DV- I have friends in Portland who are high school sweethearts, and they have been together and never left really. They have always live there and have adult children and have always stood by each other. They’re happy with that, and they have every reason to be. I think the problem is that we live in a culture that tells us constantly that you should aim higher, you deserve more, you’re entitled to X, Y and Z, your current situation is not good enough. That thinking is everywhere. And I think its hard because we get into this mindset where we think what we have is not enough, so monogamy becomes unrealistic. Independently of that noise, I think monogamy works for some people but I think that we need to stop beating ourselves up for wanting something else or desiring something else. These feelings also ebb and flow. I’ll have a crush on someone, and I’ll think, “Wow I wonder what life would be like?” But I am also at an age where I know what it would be like. It would be fun for five minutes, but I have children who are more important, and eventually I’ll grow bored with the relationship and probably hate this person after a while. And maybe it would be better, but I don’t jump on it as quickly. So it’s become a thing where, if I know that there is something I’m fantasizing about now, I’ll give it a month. After that, nine times out of ten, I’m done. My crush is over. Also, I don’t think about forever. I can’t. I think everything is cool right now and I don’t know where we’ll be in six months or a year. I think you’re cool to show up for me emotionally but I don’t know what will happen next year, and that is just the truth. I think we need to look less at this forever goal. If life is a journey then maybe we are just taking a walk with this person. Maybe we’ll walk the whole way together or maybe we’ll part ways and someone else will join us, and it’s no one’s fault. It’s just life and that’s okay. I have good relationships with all of my exes, and they have moved on too and it’s weird to think there’s this expectation that we have to be with one person forever.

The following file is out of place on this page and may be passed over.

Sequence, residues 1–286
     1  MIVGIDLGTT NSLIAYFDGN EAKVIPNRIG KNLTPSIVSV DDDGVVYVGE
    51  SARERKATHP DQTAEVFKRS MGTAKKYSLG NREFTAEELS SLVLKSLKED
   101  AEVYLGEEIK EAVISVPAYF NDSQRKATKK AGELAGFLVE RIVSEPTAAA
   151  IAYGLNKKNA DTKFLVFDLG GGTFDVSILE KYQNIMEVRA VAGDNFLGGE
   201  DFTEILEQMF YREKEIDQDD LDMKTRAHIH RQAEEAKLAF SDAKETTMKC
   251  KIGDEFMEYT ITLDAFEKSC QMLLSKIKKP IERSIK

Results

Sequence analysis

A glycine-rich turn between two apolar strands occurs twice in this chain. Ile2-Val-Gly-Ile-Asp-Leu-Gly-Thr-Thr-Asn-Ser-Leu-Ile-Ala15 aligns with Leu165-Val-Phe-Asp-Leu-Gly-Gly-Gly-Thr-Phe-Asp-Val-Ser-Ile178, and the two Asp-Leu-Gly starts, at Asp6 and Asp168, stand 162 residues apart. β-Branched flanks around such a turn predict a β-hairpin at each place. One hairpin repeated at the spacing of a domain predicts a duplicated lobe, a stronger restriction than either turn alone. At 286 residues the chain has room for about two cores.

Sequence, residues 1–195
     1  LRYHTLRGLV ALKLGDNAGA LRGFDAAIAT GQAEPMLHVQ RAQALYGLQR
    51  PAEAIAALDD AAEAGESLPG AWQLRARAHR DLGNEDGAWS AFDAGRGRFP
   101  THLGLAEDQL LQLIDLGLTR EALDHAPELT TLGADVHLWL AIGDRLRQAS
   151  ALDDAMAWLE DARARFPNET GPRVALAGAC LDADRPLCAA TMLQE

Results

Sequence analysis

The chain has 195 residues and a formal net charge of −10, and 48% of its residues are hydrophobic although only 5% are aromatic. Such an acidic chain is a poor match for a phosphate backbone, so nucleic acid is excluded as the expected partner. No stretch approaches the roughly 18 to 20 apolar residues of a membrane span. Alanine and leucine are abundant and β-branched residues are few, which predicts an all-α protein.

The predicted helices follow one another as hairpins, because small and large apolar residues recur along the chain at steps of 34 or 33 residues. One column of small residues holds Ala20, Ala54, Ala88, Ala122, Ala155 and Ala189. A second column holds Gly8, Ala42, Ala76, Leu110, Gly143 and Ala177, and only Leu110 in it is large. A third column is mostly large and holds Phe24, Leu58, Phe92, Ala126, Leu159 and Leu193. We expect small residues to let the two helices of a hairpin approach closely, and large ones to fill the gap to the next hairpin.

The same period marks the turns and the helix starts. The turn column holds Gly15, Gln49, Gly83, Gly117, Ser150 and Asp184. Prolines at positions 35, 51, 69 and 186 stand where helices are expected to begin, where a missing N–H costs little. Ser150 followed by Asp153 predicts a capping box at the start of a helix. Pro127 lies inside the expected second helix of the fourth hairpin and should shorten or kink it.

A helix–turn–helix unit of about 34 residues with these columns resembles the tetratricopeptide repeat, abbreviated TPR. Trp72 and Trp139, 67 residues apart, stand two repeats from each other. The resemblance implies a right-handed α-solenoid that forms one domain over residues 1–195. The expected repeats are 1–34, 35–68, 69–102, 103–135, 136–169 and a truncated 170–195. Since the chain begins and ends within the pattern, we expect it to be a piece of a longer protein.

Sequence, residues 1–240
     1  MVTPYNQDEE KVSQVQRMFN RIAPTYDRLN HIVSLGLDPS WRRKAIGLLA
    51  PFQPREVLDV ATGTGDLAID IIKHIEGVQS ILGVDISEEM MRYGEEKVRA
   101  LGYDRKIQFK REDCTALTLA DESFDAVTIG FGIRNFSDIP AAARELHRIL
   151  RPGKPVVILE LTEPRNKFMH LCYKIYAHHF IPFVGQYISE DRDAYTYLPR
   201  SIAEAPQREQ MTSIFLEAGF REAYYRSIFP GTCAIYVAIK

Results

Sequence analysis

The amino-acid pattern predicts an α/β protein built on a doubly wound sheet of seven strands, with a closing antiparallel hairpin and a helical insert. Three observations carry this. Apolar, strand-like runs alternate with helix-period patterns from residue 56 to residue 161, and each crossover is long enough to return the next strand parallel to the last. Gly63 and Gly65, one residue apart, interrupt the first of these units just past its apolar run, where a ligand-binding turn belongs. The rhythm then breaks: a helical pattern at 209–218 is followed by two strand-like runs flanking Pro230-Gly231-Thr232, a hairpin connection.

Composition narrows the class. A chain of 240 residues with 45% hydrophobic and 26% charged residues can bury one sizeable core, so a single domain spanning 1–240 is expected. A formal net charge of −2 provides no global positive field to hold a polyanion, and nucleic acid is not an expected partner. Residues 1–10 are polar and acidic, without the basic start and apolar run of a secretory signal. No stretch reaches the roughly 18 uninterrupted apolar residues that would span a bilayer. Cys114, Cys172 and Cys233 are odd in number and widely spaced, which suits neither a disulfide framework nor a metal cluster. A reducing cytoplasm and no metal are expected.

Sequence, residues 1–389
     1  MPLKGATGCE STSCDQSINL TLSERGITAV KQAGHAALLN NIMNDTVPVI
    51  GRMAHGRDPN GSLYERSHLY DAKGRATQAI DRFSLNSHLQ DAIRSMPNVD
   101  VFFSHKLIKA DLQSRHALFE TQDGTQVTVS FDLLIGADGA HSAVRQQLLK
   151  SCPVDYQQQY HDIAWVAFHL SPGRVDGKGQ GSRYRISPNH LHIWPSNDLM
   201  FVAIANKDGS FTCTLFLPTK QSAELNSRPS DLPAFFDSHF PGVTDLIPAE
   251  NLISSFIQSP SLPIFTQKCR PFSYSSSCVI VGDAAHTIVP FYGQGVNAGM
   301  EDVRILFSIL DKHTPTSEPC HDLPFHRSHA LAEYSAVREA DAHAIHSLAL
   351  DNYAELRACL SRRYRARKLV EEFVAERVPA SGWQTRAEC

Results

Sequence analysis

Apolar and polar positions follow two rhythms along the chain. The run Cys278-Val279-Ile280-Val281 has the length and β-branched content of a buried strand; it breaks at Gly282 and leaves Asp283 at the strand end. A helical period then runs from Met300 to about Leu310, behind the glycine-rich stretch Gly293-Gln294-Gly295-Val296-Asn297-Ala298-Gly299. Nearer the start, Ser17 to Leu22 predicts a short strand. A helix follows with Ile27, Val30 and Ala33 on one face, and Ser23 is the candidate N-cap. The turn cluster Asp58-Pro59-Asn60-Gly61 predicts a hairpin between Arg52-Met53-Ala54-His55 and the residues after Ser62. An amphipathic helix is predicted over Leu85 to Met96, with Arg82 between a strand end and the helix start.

Other titles from Dana include Fluid, A Thing of Beauty,

and Back in Black.